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JavaScript Comes of Age




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JavaScript will be 20 years old next year (counting from when it first debuted in the Netscape browser). It’s a language with a chequered history and carries a lot of baggage from its early years, but as it leaves its teenage years behind it, I think it’s a language that has now finally grown up.

JavaScript revolutionized the web by allowing scripts to run in a browser. But after its initial popularity it soon started to get a bad reputation and was often associated with poorly written, cut-and-pasted code that was used to create annoying pop-ups and cheesy ‘effects’. The phrase DHTML became a dirty word in web development. JavaScript also had some annoying shortcomings as a programming language.

But, despite all of its problems, JavaScript has something that other languages don’t have – reach and ubiquity. It only requires a browser to run, which means that anybody with a computer or smartphone is capable of running a JavaScript application. JavaScript has achieved the dream that Java had of being available on all platforms by using the browser as its virtual machine. And it can now run without a browser thanks to the development of engines such as Node.js.

JavaScript also has a low barrier to entry when it comes to development; since all you need to write a program is a simple text editor. It is the most popular language on GitHub by a number of measures. This means that there is a lot of JavaScript code out there and many problems have already been solved, often in many different ways. It also means that help is often easy to come by and libraries of code are very well tested.

After an awkward first decade, JavaScript spent its teenage years growing up. The revolution started with the advent of Ajax, when people started to sit up and take JavaScript seriously. jQuery then got people using JavaScript to build some serious applications and Node has taken it all to a whole new level. People have started to recognize that JavaScript is a powerful and flexible language with some cool features such as:

  • Asynchronous event-driven programming
  • Functions as objects
  • Closures
  • Prototypal Inheritance
  • Object literals and JSON

JavaScript has also proven to be flexible enough to allow solutions to be written that overcome its main shortcomings. A number of frameworks and libraries have been written to address these issues and make JavaScript a nicer language to program in. Modern web browsers have also had a big effect on the language by virtually eradicating the inconsistencies in implementation that plagued it in the past (who remembers having to write multiple versions of code just to get a simple event to work, for example?). And speed is no longer an issue as the various engines used in modern browsers are already blazingly fast, and they’re only getting faster.

I strongly believe that JavaScript will be the most important language to learn over the next few years. The way websites are developed has evolved and they are now likely to be single-page web applications that rely heavily on JavaScript to do the heavy lifting on the client side, often using modern front-end frameworks such as Backbone or Angular.js. Isomorphic JavaScript is the process of using JavaScript to program the server-side of a web application and is gaining in popularity because of the advantages of using the same language for the whole application. The data that is transported from databases is often stored in JSON format. It’s possible to build an application for iOS, Android and FireFox OS using a combination of HTML, CSS and JavaScript. The Internet of Things is a broad term used to describe anything from household gadgets to small robots, most of which are using JavaScript to interact with their APIs. In short, JavaScript is becoming the language of choice, not just for the front and back end of web development, but also for interacting with a huge number of modern devices.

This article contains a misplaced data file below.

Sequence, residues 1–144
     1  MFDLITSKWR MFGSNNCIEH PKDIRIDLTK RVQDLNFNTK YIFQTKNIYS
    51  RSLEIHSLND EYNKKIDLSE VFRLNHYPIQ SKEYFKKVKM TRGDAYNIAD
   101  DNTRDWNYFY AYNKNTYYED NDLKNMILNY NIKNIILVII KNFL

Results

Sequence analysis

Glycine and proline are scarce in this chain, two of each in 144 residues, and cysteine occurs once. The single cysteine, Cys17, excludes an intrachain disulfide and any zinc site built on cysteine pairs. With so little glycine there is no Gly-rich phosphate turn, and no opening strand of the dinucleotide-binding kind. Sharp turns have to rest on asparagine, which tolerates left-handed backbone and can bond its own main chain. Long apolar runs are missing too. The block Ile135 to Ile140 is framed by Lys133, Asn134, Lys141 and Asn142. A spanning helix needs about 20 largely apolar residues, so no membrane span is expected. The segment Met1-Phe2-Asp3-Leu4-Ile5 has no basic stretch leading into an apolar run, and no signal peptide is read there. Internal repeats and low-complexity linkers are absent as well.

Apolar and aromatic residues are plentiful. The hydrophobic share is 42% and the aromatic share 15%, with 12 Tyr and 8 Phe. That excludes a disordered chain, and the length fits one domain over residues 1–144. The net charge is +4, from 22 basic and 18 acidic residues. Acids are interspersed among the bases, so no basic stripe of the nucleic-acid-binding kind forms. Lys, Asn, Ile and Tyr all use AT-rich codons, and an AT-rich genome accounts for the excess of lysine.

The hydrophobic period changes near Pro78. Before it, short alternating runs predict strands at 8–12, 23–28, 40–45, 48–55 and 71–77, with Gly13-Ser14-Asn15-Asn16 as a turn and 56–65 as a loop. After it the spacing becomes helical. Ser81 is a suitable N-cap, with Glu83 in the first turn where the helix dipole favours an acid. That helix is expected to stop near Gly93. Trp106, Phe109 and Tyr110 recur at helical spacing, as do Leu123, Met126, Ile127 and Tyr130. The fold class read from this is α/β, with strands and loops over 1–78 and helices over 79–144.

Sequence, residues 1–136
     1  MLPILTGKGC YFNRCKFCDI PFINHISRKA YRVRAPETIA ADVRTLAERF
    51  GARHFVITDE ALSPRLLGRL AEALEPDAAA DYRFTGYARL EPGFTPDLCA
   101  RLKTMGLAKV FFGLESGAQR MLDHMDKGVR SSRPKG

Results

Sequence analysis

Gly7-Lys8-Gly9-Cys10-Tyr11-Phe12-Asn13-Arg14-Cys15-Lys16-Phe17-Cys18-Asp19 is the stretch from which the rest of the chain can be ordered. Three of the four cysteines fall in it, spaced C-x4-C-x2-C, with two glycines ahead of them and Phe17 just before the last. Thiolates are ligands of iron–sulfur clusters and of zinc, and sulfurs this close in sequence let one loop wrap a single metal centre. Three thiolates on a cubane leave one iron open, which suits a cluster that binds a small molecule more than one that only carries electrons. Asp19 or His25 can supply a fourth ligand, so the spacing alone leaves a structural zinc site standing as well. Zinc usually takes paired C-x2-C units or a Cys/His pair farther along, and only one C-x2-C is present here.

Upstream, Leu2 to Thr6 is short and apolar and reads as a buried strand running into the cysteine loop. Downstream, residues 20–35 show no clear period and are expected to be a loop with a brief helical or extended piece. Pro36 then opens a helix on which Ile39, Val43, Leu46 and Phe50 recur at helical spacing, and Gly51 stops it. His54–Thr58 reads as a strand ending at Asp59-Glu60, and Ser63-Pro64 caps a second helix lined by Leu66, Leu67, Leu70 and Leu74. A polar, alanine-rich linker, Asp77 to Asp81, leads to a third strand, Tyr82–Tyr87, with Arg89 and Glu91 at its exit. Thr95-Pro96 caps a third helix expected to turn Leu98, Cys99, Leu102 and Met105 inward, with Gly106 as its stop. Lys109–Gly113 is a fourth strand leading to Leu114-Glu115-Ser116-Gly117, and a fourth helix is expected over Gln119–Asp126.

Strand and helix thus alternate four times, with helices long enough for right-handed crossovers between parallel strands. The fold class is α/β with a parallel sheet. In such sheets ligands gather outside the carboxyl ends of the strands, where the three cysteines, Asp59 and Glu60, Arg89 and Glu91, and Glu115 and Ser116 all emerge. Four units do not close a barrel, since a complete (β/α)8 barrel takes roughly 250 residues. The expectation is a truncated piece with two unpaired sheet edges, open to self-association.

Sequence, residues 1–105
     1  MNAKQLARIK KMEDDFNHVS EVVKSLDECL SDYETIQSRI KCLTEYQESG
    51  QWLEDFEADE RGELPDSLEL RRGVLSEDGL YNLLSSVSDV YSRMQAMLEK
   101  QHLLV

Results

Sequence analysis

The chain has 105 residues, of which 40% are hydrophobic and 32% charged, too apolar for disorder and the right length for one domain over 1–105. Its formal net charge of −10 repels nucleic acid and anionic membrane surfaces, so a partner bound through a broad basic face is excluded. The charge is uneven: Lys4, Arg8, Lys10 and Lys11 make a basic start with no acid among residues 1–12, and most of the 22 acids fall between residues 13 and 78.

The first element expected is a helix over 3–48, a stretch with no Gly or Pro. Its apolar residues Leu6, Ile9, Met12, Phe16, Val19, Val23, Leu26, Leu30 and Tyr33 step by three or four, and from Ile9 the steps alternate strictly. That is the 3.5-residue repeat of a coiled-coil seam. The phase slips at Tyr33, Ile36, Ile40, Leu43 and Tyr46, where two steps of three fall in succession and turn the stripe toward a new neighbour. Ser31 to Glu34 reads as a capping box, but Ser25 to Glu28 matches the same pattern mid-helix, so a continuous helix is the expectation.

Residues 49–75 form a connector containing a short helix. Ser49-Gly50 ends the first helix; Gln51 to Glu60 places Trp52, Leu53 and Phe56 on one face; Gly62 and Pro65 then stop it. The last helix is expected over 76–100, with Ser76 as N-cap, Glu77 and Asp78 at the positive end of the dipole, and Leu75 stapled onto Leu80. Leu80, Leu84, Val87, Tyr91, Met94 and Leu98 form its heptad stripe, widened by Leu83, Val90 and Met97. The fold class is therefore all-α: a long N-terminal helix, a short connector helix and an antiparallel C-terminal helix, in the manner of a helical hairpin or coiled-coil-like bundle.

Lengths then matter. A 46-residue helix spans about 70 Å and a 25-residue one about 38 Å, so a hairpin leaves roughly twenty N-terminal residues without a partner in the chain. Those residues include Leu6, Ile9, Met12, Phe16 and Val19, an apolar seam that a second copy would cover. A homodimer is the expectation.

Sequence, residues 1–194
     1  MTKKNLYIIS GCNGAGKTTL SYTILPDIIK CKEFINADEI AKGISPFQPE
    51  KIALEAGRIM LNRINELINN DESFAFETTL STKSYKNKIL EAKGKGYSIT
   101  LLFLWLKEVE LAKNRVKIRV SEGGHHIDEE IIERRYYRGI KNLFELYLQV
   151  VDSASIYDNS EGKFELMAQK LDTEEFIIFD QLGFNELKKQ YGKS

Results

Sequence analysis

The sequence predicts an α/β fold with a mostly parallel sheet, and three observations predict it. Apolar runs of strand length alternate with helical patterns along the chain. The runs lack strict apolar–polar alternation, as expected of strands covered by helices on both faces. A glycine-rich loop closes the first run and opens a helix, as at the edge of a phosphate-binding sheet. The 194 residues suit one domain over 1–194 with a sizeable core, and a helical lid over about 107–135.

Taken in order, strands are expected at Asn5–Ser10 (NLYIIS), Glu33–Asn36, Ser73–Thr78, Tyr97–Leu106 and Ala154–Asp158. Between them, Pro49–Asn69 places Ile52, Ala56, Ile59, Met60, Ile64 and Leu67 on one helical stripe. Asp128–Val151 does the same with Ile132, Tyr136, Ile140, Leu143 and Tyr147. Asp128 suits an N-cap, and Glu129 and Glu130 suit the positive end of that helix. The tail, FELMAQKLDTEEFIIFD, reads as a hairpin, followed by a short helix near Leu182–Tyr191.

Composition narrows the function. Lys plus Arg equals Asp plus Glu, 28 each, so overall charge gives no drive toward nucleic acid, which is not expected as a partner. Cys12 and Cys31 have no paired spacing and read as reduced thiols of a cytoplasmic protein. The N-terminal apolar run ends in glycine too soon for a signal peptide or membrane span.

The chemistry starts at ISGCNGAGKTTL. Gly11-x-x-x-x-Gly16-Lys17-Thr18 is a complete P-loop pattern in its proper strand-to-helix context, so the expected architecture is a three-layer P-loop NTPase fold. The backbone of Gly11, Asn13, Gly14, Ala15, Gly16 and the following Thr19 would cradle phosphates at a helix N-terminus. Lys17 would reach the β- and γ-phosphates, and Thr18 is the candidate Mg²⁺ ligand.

SitePoint has recently published my book “JavaScript Novice To Ninja,” which takes you from the very beginning and works up to the more advanced topics in JavaScript. It begins by introducing the basics of programming, covering topics such as variables, conditional logic, loops, arrays, functions and objects in the earlier chapters. It then moves on to using JavaScript to interact with a browser environment, covering events, the DOM, animation and forms. Then in the later part of the book, more advanced concepts such as testing and debugging, object oriented programming and functional programming are covered, showing that JavaScript is capable of handling these. We also take a loom at recent developments such as HTML5 APIs, Ajax, frameworks and task runners, such as Grunt. There’s also a practical project that involves building an interactive quiz application that develops in each chapter.

If you’ve always wanted to learn how to program then now is the perfect time to get started and JavaScript is the perfect language to learn. As it moves into its 20s, JavaScript has finally grown up and is starting to go places!

Darren has enjoyed coding since learning how to program in BASIC on his first Acorn Electron computer. Since then, he’s taught himself Ruby and Javascript. He is the author of Learn to Code using JavaScript, JavaScript: Novice to Ninja and Jump Start Sinatra. He also produced the 'Getting Started With Ruby' video tutorials for SitePoint Premium and has written a number of articles on the SitePoint website. He was born in the city of Manchester in the UK, where he still lives and teaches Mathematics and Computing at a local high school. You can find him on Twitter @daz4126.

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